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Are there any examples of mathematical crackpots who turned out to be right? By crackpot, I mean someone who is not a mathematician whose mathematical theories were not taken seriously, but turned out to be correct.

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closed as not a real question by Arthur Fischer, Phira, Ayman Hourieh, Thomas Andrews, Davide Giraudo Dec 7 '12 at 18:47

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That doesn't really make sense if you think about it, if they're theories turned out to be correct wouldn't they be a mathematician? –  Math_Illiterate Dec 7 '12 at 18:13
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I have voted to close this question because the crackpot label is not about being an outsider or doing research that is out of fashion, it is about communication failure and lack of perspective and autocriticism. It is not useful to answer a question about this label with stories about Ramanujan, Hippasos or Cantor. –  Phira Dec 7 '12 at 18:41
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I disagree (not with the closure, per se). "Crackpot" suggests one who maintains a position against the status quo, despite pressure to conform. A "crackpot" proven right over time becomes an enlightened thinker with courage to stand up for what he believes. In that individual's contemporary context, however, that is not always the case. Consider also Galileo, Copernicus, etc. –  Arkamis Dec 7 '12 at 18:52
    
I don't understand the dismissal or correction of the term crackpot. Sureshs defined his term, which is what is done on these boards all the time. Not only that, but I think he defined it well. People have been called crackpots many times who had good theories. Martin Gardner is one of the ones who championed the term and brought it to modern prominence. Remember what he said about Rene Thom and Catastrophe theory? This is a perfectly valid question, with many good, illustrative answers on how one should actually do math. –  ex0du5 Dec 7 '12 at 20:32
    
Intuitionism. Finitism. Ultrafinitism (which is probably the most accurate view of mathematics as it physically operates in the universe). Heck, even Perelman was laughed at by his contemporaries at Steklov before he published online and went into seclusion. The early discussions on infinity, constructivism, and sets was loaded with labelling of alternative ideas as non-serious, even nonsensical. –  ex0du5 Dec 7 '12 at 20:38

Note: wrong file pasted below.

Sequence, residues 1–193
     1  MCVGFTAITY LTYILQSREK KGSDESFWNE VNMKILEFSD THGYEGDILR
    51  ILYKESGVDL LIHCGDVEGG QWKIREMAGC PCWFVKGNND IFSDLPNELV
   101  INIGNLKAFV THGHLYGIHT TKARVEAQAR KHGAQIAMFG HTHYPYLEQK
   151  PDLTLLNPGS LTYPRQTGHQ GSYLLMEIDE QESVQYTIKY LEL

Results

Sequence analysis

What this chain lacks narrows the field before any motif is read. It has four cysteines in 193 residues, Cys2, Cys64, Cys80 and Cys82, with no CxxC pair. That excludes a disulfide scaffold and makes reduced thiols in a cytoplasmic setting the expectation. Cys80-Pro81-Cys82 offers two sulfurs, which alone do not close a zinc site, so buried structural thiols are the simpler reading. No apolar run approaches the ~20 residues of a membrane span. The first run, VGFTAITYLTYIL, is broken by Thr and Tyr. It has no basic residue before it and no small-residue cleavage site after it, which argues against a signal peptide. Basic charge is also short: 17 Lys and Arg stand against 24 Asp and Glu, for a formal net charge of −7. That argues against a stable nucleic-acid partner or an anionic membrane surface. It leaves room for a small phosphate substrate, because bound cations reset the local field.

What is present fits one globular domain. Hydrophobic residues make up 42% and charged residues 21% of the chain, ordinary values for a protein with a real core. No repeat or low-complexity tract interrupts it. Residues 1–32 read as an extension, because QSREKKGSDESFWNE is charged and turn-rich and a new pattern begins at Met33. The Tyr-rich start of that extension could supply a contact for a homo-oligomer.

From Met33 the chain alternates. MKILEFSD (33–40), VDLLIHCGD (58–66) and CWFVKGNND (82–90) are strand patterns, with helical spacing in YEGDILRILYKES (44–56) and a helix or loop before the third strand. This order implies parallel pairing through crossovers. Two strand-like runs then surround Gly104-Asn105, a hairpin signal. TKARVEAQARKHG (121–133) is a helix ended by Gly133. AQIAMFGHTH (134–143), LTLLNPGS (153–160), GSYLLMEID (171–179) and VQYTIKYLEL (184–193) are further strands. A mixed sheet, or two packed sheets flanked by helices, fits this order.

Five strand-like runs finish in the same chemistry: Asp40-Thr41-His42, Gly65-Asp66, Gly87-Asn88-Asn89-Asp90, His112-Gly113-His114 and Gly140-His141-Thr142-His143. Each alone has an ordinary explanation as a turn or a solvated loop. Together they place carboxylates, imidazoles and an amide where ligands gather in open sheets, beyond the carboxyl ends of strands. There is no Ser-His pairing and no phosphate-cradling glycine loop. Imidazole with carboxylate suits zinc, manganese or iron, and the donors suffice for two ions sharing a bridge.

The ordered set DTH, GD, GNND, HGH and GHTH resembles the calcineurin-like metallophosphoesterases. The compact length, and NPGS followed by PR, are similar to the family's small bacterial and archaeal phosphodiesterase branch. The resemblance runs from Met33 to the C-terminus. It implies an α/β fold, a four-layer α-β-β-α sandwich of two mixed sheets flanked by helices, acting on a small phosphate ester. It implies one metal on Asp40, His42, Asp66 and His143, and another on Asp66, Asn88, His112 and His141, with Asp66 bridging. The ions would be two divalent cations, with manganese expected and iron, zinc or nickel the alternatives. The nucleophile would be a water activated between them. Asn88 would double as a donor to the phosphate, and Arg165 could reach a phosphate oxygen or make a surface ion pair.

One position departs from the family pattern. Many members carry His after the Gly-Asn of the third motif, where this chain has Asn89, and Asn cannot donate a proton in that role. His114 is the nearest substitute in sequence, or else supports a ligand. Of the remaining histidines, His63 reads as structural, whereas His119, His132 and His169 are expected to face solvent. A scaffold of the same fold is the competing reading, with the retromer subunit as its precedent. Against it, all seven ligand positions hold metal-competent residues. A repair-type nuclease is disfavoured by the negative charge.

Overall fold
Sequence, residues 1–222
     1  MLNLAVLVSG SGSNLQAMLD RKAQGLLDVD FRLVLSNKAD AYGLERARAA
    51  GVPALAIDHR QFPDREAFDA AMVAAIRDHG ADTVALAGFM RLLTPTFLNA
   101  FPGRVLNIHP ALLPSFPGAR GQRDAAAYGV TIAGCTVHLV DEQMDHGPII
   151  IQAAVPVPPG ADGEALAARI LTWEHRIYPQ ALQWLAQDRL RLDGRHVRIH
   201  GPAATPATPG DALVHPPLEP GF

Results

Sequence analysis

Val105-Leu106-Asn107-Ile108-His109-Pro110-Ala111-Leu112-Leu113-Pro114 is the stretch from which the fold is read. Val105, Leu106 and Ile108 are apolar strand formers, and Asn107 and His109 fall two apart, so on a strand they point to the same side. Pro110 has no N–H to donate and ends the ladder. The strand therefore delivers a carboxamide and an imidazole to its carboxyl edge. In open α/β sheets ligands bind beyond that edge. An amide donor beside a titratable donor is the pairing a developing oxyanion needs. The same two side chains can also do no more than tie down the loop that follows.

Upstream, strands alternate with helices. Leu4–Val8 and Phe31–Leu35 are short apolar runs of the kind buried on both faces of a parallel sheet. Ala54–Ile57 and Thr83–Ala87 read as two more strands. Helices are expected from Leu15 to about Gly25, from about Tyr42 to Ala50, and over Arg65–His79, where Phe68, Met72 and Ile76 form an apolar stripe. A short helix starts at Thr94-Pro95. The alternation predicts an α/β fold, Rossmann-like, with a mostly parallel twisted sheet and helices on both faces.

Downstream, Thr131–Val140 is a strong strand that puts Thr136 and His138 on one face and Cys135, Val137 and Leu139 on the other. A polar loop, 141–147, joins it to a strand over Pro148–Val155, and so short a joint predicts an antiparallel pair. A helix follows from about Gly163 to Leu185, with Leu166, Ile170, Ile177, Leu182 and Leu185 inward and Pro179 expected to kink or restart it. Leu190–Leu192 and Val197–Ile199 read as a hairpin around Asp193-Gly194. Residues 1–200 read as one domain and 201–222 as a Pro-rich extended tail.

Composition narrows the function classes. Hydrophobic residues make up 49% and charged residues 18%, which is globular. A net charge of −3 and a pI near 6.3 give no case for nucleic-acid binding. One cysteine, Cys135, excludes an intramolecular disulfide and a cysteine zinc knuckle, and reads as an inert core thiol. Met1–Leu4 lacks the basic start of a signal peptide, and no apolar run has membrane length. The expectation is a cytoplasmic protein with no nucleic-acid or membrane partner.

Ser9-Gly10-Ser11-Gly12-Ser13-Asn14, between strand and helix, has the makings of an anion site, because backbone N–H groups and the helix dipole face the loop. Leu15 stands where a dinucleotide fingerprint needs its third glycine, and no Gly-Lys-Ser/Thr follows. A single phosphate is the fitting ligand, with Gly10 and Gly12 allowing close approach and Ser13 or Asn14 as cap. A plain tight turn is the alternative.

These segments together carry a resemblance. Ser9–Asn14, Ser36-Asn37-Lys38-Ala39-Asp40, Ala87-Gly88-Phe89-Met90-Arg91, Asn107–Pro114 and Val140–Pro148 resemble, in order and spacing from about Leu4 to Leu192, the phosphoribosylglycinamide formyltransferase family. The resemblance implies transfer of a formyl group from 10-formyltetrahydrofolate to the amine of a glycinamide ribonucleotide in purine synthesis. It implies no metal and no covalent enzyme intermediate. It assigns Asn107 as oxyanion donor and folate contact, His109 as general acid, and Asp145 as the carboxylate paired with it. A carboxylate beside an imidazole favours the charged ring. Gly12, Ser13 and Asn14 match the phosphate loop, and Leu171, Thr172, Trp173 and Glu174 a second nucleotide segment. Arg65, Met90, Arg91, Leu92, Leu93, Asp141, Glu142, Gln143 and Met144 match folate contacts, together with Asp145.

2 Answers 2

Legend has it that Pythagoras would put to death anyone who promoted the idea that $\sqrt{2}$ was irrational. To the Pythagoreans, surely such an individual would be considered a crackpot. They're ideas turned out to be right in the end, nevertheless.

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This is a bad example on many counts, not least because the Pythagoreans took this quite seriously. –  Phira Dec 7 '12 at 18:21
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That it was taken quite seriously is exactly why it is a good example. –  Arkamis Dec 7 '12 at 18:49

While he should never be called a crackpot, the story of Ramanujan is certainly interesting and illustrates that good math might start life in obscurity. When he sent his work to Cambridge, it was initially written off as nonsense because the notation and logical structure wasn't standard. It wasn't until Hardy saw his work and realized Ramanujan's talent and brought him to England.

Also, I agree with the above comment - if someone (anyone) creates mathematics that stand the test of logic and time, that person is by definition a mathematician. It doesn't matter what their "job title" is. A doctor who makes art is still an artist!

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We all start life in obscurity, you know. –  Did Dec 7 '12 at 18:49
    
Well, what I meant by that is not all good math comes from the top universities etc. –  icurays1 Dec 7 '12 at 18:54
    
Hardy's response wasn't like that. He immediately recognized Ramanujan's extraordinary talent. –  John Bentin Dec 7 '12 at 20:17
    
You're right, I remembered the story a bit wrong. He had tried to contact others before Hardy and they had ignored him. Moot point anyway, question is closed... –  icurays1 Dec 7 '12 at 20:22

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